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Roman Polanski makes legal bid to return to US

Polish court recently ruled film director and Holocaust survivor already served time for statutory rape conviction

French director Roman Polanski arrives for the screening of the film "Saint-Laurent" at the 67th edition of the Cannes Film Festival in Cannes, France, May 17, 2014. (AFP Photo/Valery Hache)
French director Roman Polanski arrives for the screening of the film "Saint-Laurent" at the 67th edition of the Cannes Film Festival in Cannes, France, May 17, 2014. (AFP Photo/Valery Hache)

LOS ANGELES, United States — Fugitive movie director Roman Polanski plans to return to the United States, his lawyer said Thursday, and is seeking assurances he will do no further jail time over the statutory rape of a 13-year-old girl.

The award-winning director of “The Pianist” and “Chinatown” has been on the run for almost 40 years but claims he reached a plea deal in the case which would keep him out of jail, attorney Harland Braun told AFP.

Braun has written to Los Angeles County Superior Court judge Scott Gordon to unseal a secret transcript of the testimony of the prosecutor in the Polanski case.

The filmmaker was accused of drugging Samantha Gailey before raping her at a friend’s house in Los Angeles in 1977.

He admitted having unlawful sex with a minor, or statutory rape, as part of a plea bargain and spent 42 days in Chino State Prison before being released.

This file photo taken on October 30, 2015, shows Oscar-winning director Roman Polanski arriving for a press conference after his trial at the regional court in Krakow, Poland. (AFP PHOTO/JANEK SKARZYNSKI)
This file photo taken on October 30, 2015, shows Oscar-winning director Roman Polanski arriving for a press conference after his trial at the regional court in Krakow, Poland. (AFP PHOTO/JANEK SKARZYNSKI)

He claims Judge Laurence Rittenband reneged on his deal and told prosecutors Polanski should spend up to 50 years in prison, and the filmmaker fled to Europe.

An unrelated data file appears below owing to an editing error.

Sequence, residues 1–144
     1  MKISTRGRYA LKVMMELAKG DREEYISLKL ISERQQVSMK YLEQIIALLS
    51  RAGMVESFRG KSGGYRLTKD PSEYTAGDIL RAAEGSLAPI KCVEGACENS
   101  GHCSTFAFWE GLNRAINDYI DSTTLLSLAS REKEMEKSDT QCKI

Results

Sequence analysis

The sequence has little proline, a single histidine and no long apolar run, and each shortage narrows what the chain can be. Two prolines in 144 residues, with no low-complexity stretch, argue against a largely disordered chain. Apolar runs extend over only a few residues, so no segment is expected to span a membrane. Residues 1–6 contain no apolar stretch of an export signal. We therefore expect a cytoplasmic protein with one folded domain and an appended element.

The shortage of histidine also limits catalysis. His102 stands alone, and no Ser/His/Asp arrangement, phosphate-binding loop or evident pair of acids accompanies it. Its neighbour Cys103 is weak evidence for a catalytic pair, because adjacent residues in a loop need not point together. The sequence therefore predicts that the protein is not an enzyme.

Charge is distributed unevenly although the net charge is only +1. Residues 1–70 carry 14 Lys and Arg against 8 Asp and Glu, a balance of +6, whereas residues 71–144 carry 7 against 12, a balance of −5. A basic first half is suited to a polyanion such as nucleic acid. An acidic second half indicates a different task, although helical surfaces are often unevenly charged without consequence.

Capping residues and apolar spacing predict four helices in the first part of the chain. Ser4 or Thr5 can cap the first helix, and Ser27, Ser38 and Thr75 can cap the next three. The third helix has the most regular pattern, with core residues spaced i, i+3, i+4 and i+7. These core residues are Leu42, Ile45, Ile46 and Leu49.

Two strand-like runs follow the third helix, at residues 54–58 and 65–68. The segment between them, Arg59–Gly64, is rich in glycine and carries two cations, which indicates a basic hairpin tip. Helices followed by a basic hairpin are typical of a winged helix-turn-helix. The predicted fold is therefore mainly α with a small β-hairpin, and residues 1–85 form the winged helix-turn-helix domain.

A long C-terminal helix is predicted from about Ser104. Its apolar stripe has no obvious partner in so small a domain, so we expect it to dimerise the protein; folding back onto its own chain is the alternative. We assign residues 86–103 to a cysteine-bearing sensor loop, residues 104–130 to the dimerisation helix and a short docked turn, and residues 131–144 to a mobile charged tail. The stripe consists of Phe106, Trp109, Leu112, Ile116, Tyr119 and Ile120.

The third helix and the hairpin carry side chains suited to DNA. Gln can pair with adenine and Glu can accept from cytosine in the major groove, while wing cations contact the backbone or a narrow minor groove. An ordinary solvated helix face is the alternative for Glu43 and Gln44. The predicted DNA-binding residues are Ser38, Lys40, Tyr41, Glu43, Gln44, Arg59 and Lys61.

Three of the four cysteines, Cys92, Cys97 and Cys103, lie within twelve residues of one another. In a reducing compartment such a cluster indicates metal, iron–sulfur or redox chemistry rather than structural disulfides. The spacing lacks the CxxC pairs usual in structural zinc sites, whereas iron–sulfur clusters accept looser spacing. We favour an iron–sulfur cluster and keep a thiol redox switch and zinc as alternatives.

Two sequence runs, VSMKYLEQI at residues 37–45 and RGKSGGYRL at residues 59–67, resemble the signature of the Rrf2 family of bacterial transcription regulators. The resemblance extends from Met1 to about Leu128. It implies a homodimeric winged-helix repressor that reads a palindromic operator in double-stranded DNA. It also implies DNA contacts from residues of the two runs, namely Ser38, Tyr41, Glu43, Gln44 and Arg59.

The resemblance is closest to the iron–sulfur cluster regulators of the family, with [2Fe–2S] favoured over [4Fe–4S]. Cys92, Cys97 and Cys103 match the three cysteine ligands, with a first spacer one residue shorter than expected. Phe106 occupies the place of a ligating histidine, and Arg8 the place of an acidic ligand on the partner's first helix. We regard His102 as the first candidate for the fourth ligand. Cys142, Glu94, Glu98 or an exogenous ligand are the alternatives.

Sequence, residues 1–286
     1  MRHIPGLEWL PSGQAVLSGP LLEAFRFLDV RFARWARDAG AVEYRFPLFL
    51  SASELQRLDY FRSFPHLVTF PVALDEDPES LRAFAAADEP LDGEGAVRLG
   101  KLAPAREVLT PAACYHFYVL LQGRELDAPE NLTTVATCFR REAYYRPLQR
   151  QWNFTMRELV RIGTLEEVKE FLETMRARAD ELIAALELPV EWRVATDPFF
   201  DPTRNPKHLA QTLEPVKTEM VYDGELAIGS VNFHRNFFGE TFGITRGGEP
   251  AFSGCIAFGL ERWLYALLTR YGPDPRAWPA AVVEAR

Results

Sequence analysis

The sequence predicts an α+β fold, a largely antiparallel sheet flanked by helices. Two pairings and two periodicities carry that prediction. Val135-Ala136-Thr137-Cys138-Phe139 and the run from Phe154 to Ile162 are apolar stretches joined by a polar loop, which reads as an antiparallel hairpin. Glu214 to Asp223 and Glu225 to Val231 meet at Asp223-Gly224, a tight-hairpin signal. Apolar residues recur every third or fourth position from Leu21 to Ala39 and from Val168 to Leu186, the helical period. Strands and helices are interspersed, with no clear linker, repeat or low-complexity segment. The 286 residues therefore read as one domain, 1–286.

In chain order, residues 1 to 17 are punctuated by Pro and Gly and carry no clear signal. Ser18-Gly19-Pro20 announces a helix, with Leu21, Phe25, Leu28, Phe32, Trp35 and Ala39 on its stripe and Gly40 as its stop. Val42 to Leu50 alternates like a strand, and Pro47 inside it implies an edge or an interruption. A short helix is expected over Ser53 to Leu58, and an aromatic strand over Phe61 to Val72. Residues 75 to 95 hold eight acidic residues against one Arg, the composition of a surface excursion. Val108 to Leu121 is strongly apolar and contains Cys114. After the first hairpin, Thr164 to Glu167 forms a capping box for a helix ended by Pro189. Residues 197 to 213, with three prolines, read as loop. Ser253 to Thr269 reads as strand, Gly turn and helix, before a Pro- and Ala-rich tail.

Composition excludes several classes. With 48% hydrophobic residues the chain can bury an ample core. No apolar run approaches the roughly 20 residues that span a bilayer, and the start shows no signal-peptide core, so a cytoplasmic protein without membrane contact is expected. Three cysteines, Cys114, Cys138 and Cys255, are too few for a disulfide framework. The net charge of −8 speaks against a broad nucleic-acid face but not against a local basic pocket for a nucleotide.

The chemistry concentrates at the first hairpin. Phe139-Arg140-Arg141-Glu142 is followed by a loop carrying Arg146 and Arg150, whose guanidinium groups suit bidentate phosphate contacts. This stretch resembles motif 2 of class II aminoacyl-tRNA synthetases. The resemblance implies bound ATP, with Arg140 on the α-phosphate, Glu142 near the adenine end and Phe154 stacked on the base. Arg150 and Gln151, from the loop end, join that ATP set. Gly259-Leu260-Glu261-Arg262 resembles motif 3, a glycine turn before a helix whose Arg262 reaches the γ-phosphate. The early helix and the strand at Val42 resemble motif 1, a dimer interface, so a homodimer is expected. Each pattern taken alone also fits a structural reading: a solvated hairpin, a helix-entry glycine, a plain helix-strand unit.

He spent almost a year in custody in Switzerland as authorities tried to extradite him back to the US but a Polish court ruled Polanski has served his time under the plea deal.

Braun believes the prosecutor’s secret testimony supports Polanski’s claim that he had an agreement to serve just 48 days and that — taken with the Polish decision — it should convince the US authorities Polanski has served his time.

“After we confirm the contents, we will urge the court to recognize the Polish decision resulting from a litigation initiated by the (district attorney) and in which the DA participated,” Braun said.

“If the court accepts the principle of comity, Roman can come to Los Angeles and to court without fear of custody.”

Born in Paris in 1933 to Polish Jewish parents, Polanski moved to Poland with his family before World War II.

When he was eight, the Nazis arrested his parents and sent them to concentration camps. His mother never returned.

He went on to win acclaim for his 1962 feature debut in Poland, “Knife in the Water,” before arriving in Hollywood in 1968 to shoot his first big international hit, “Rosemary’s Baby.”

The following year his pregnant wife, actress Sharon Tate, and four friends were murdered by cult leader Charles Manson and his followers.

Adrien Brody appears as Wladyslaw Szpilman in a scene from the Holocaust movie 'The Pianist' (Courtesy)
Adrien Brody appears as Wladyslaw Szpilman in a scene from the Holocaust movie ‘The Pianist’ (Courtesy)

Polanski now lives in France with his third wife, French actress Emmanuelle Seigner.

He has yet to return to the United States, however, not even in 2003 to pick up an Oscar for best director for his harrowing Holocaust drama, “The Pianist” — one of his eight Academy Awards.

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